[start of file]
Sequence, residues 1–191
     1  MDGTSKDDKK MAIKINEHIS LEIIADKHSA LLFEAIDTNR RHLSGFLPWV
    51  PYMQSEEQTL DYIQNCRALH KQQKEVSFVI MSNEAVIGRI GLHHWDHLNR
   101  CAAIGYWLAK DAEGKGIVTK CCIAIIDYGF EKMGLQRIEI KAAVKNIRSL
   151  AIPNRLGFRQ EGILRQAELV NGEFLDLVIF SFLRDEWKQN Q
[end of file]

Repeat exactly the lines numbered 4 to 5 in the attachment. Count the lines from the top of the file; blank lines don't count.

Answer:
   101  CAAIGYWLAK DAEGKGIVTK CCIAIIDYGF EKMGLQRIEI KAAVKNIRSL
   151  AIPNRLGFRQ EGILRQAELV NGEFLDLVIF SFLRDEWKQN Q